The same judge that overturned an earlier High Court decision to exclude Assange’s health from the U.S. appeal will preside over the substantive appeal hearing next week.
By Joe Lauria
Special to Consortium News
Lord Justice Timothy Holroyde, the High Court judge who reversed an earlier court order to bar the U.S. from appealing Julian Assange’s medical issues, will preside over the substantive U.S. appeal hearing at the High Court next week.
In January, lower court Judge Vanessa Baraitser refused the U.S. request to extradite the WikiLeaks publisher because of his high risk of suicide and the conditions of U.S. prisons. The U.S. applied to appeal that decision, which was granted by the High Court in July. The court allowed three of five grounds of appeal, excluding the matter of Assange’s health.
The U.S. challenged that ruling and in an Aug. 11 High Court hearing, Holroyde overturned the earlier court decision, siding with the U.S. argument that Baraitser’s finding on Assange’s health could be appealed.
That will be the central argument in the two-day hearing beginning next Wednesday at the Royal Courts of Justice in London. The U.S. says Assange is not too ill to be extradited and has accused him of being a malingerer. Joining Holroyde on the High Court bench will be Dame Judith Farbey, who remained silent during the Aug. 11 hearing.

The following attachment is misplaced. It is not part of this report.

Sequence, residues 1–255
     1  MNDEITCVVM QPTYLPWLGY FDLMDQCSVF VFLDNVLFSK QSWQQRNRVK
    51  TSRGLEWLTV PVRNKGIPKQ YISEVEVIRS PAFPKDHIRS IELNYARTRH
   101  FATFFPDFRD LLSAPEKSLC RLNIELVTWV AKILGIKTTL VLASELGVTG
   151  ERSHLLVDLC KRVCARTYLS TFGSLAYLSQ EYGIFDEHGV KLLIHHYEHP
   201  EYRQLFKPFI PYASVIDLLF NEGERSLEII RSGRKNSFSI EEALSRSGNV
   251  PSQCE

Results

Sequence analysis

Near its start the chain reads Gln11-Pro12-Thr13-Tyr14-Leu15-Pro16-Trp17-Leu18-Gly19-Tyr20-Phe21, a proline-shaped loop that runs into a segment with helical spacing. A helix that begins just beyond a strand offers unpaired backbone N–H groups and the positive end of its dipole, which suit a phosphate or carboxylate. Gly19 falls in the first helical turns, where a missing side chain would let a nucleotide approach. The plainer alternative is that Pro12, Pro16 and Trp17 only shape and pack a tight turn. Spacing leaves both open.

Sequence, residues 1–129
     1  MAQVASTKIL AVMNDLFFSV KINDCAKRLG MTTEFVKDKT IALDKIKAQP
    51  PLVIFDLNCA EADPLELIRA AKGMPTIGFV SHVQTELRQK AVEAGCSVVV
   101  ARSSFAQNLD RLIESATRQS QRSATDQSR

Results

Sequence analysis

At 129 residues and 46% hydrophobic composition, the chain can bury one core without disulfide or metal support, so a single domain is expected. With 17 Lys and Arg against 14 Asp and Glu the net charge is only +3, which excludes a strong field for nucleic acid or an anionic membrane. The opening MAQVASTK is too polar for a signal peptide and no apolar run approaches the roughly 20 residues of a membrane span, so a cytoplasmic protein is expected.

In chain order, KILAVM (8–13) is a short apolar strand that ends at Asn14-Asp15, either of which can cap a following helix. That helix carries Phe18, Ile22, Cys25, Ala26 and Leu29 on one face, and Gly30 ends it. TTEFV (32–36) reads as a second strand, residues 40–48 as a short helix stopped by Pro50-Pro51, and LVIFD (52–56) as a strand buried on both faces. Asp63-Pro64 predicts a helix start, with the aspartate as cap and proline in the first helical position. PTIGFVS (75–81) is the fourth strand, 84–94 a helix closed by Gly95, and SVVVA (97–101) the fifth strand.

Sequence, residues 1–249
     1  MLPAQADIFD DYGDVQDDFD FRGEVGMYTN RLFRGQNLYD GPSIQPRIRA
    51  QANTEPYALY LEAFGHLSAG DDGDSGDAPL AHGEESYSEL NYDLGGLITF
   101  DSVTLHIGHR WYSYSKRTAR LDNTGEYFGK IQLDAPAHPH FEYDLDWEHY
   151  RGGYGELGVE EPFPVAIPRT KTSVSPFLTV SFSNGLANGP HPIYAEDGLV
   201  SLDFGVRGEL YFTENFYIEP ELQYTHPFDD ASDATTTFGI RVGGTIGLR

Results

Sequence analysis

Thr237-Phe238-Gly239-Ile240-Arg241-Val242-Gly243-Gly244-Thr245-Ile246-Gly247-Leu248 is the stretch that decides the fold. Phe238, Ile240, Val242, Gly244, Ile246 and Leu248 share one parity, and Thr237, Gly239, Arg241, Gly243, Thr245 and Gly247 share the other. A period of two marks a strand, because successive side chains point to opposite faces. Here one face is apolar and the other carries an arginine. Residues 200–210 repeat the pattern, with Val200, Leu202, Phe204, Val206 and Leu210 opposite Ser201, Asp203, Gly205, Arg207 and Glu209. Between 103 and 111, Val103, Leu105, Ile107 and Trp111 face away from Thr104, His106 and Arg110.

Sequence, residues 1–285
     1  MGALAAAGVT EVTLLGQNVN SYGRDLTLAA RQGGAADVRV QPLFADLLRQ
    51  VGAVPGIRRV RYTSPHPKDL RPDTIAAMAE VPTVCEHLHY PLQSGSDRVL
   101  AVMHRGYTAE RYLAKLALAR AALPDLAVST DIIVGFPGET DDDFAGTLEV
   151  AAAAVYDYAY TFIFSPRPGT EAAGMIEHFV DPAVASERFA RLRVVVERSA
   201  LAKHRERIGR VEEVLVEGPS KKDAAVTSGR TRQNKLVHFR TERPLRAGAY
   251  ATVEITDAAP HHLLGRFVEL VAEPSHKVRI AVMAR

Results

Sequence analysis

It is highly unusual for a judge who has already ruled in favor of one party to continue on the bench, according to Consortium News legal analyst Alexander Mercouris. In most cases, fresh judges would be brought in who have had no part in earlier rulings for either side.
After the Aug. 11 hearing, Mercouris said Holroyde’s “comments made it clear” that he would not be part of the appeal panel. “If he does turn up on the panel then that would be an extremely serious development,” he said, adding that it would be “open to legal challenge if he did.” It is not known at this time whether Assange’s lawyers will challenge Holroyde’s appointment to the case.
After learning Holroyde would indeed oversee the hearing next week, Mercouris said it was “extremely disturbing news” and “very worrying. Nothing in this case is proceeding as it should do.”
Holroyde is an exemplary product of the British establishment, which has its own motives against Assange. He graduated from Bristol Grammar School and studied law at Wadham College, Oxford. He became a Queen’s Counselor in 1996, was appointed to the High Court in January 2009, was knighted in 2013 and admitted to the Privy Council in 2017.
Joe Lauria is editor-in-chief of Consortium News and a former UN correspondent for The Wall Street Journal, Boston Globe, and numerous other newspapers. He was an investigative reporter for the Sunday Times of London and began his professional work as a stringer for The New York Times. He can be reached at [email protected] and followed on Twitter @unjoe .
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